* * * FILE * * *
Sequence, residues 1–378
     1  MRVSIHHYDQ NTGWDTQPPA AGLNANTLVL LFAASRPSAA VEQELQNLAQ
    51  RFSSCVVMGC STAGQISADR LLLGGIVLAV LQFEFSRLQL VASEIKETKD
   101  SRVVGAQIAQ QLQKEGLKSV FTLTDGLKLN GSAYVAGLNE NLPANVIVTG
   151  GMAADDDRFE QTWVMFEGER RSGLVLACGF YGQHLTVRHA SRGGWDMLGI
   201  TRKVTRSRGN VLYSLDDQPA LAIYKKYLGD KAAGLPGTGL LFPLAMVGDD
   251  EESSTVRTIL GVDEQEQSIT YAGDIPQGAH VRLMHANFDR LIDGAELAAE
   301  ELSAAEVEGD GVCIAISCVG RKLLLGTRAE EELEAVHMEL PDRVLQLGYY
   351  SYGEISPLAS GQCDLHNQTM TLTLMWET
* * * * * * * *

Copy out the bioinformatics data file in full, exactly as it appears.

Sequence, residues 1–378
     1  MRVSIHHYDQ NTGWDTQPPA AGLNANTLVL LFAASRPSAA VEQELQNLAQ
    51  RFSSCVVMGC STAGQISADR LLLGGIVLAV LQFEFSRLQL VASEIKETKD
   101  SRVVGAQIAQ QLQKEGLKSV FTLTDGLKLN GSAYVAGLNE NLPANVIVTG
   151  GMAADDDRFE QTWVMFEGER RSGLVLACGF YGQHLTVRHA SRGGWDMLGI
   201  TRKVTRSRGN VLYSLDDQPA LAIYKKYLGD KAAGLPGTGL LFPLAMVGDD
   251  EESSTVRTIL GVDEQEQSIT YAGDIPQGAH VRLMHANFDR LIDGAELAAE
   301  ELSAAEVEGD GVCIAISCVG RKLLLGTRAE EELEAVHMEL PDRVLQLGYY
   351  SYGEISPLAS GQCDLHNQTM TLTLMWET